You might have seen this place before. This rocky outcropping on the northern coast of Spain has made appearances in Game of Thrones as Dragonstone, the ancestral seat of the House of Targaryen. The filmmakers, of course, used computer graphics to add the Targaryen castle at the island’s peak, as well as the occasional dragon flying overhead.
But even with that modern technology and computer animation can do, I was unprepared for Gaztelugatxe, crowned at its highest point by San Juan Church. The island wasn’t my primary interest on this particular jaunt; I went with the intention of photographing the rock formations for which this stretch of coastline is famous.
But it’s impossible to be near this part of Spain’s coast and not be entranced by Gaztelugatxe. That’s the effect that the island has on people — it simply isn’t possible to look away. It isn’t difficult to see why the filmmakers behind Game of Thrones chose this location; perched on a jagged sliver of rock on the edge of Europe, it feels far removed from the modern world. It seems to exist in another place and time.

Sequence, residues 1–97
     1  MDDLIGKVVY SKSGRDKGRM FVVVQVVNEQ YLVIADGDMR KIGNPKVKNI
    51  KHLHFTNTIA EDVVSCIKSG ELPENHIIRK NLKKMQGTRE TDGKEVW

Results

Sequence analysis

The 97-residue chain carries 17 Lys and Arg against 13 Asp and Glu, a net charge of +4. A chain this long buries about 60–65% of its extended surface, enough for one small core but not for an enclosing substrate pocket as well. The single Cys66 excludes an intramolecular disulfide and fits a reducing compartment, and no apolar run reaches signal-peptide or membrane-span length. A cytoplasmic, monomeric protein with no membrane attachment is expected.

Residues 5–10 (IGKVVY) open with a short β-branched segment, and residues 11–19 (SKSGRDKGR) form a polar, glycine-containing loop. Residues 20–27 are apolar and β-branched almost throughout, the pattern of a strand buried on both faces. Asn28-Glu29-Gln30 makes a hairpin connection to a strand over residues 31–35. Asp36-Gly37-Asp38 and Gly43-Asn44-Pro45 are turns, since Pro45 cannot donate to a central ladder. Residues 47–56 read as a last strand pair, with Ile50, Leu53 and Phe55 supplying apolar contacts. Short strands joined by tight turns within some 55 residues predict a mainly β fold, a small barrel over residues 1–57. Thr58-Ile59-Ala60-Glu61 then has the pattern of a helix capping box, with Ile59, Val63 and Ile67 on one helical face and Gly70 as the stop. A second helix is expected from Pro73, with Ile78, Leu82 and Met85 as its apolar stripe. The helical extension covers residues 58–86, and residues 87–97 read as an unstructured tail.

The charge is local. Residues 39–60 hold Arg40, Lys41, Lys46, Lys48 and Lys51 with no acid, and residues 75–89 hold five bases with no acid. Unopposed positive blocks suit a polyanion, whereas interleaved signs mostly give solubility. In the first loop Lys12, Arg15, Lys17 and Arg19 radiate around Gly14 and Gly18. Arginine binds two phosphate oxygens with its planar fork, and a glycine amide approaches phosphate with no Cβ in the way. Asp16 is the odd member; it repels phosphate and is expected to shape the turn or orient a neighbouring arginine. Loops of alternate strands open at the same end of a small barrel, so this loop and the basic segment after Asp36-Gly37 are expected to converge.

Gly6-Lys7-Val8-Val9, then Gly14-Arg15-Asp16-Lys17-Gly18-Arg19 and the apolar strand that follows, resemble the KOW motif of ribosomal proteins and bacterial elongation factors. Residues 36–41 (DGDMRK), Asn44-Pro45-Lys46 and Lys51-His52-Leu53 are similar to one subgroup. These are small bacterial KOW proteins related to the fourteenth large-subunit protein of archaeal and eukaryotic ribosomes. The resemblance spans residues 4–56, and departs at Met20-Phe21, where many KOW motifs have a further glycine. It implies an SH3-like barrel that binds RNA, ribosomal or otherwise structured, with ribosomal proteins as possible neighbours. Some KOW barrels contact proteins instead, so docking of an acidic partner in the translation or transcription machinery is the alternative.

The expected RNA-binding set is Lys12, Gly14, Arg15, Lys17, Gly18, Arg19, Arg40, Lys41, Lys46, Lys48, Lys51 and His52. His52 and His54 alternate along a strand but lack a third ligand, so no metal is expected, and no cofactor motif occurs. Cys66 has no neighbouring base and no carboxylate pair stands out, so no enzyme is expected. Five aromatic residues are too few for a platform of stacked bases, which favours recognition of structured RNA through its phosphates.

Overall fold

I photographed the rock formations but soon realized that the island itself would make the best photographs. To get this shot, I climbed 50 meters up an adjacent cliff. It was a vertiginous climb up a barely-usable path and it involved a certain degree of danger, but it was worth it. It was early morning and the last of the mist was burning away. The tourists and hikers had not yet arrived. From my vantage point, Gaztelugatze seemed to hover just above the water, ethereal and beautiful, tethered to the mainland by a ribbon of rocks and a manmade bridge.
I got the shots, packed my camera, and prepared to climb back down the cliff and back into reality.